It has been a full week, full of activity and emotions. Monday, I met with my ten fourth year students in Lilongwe and put some closure to my time with them last term. I had been feeling unsettled about the way we left each other after their postnatal exam. I never had a chance to give them feedback of any kind. I let them know I would be in Lilongwe, where they are attending classes on high risk maternity care. They all gathered during a break from their classes to meet with me and it was very appreciated on both sides. I saw a What’s App message they were sending around that said, “Madam is here! Meet in the old lecture hall!”  (Side note: I am going to miss being called Madam. I really like it.) They’ll all be going off to different clinical sites next term so I won’t be seeing them again. I gave them my feedback, returned an assignment, and we went outside to take a photo together, sharing well wishes and good lucks for the future. I felt much better. We finished up at the Peace Corps office and George and I drove back to Blantyre.

Tuesday was the capping ceremony for the first year students. Don’t ask me why they do this during the week on a day full of classes that need to be cancelled.  Monday they had a rehearsal so those classes were also cancelled. Don’t ask me why. Well, no one goes out in the evenings because there is no way to get around and it is dangerous walking, so I get that, but I would have been willing to give up a Sunday afternoon. Anyway, it was to start at 1:30 on Tuesday and I had to wear a cap, something I don’t think I’ve worn since my own capping in 1976 (which was on a Sunday afternoon). I remember parents and family being invited when I got capped. It’s a solemn ceremony, honoring Florence Nightingale, and I was very emotional at this one on Tuesday. All I remember of mine was that my father was dour and controlling and my brother took a nice photo of me which he enlarged and framed and gave me for Christmas the following year. That was nice. I think my favorite teacher gave a little speech. Anyway, at 1:30 on Tuesday a few of my colleagues and I were the only ones in the hall. The same was true at 2:00. And at 2:30. I looked at the program, glad I had nothing scheduled later in the day. It was not going to be over at 4. About 2:40 someone started the music on a laptop attached to a PA system and students carrying unlit candles came dancing in. Literally dancing. I’m not sure how many students total there are but close to two hundred, so that took awhile. Then the faculty had to go outside and dance in. Literally, dance in. I asked, “Hey, why didn’t we get a rehearsal?” worried I wouldn’t pick up on the steps, but they were pretty simple. By the time I got to the center aisle I had it down pat. There were speeches and the story of the history of the nursing cap was told by my dean, Ursula, and then she started the candle lighting ceremony to the song, Go Light Your World,  by Christopher Rice. She walked down the center aisle lighting the first candle at each row and the flame got passed from student to student. I wasn’t familiar with this song but these are the lyrics:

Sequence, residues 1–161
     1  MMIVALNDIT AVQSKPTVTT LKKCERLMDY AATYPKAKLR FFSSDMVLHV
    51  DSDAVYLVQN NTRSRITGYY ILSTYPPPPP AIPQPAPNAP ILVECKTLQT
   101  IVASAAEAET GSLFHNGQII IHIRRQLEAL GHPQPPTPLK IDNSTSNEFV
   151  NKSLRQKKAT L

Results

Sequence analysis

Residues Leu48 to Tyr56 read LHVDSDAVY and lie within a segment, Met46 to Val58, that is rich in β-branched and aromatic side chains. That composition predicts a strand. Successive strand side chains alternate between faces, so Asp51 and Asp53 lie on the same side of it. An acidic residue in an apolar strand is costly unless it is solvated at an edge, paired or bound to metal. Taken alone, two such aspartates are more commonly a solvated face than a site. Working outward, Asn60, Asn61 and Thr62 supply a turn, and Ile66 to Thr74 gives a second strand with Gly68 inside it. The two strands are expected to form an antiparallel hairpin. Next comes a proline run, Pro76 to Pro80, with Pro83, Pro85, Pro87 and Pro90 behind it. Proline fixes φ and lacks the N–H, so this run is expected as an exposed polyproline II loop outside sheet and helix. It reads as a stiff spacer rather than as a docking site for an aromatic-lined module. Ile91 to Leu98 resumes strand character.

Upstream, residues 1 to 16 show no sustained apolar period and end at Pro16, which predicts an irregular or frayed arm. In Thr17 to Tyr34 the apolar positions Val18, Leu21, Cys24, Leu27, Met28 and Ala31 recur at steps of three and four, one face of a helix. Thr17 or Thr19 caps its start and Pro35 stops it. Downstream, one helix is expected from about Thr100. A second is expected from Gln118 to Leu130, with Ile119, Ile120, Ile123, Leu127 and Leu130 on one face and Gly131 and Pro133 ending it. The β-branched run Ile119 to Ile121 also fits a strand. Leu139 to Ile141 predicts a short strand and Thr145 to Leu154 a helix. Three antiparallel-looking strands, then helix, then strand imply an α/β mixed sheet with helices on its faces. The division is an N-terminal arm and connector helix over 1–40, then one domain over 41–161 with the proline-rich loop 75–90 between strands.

There is a candle in every soul

Some brightly burning, some dark and cold

There is a Spirit who brings fire

Ignites a candle and makes His home

Carry your candle, run to the darkness

Seek out the hopeless, confused and torn

Hold out your candle for all to see it

Take your candle, and go light your world

Take your candle, and go light your world

Frustrated brother, see how he’s tried to

Light his own candle some other way

See now your sister, she’s been robbed and lied to

Still holds a candle without a flame

Carry your candle, run to the darkness

Seek out the lonely, the tired and worn

Hold out your candle for all to see it

Take your candle, and go light your world

Take your candle, and go light your world

We are a family whose hearts are blazing

So let’s raise our candles and light up the sky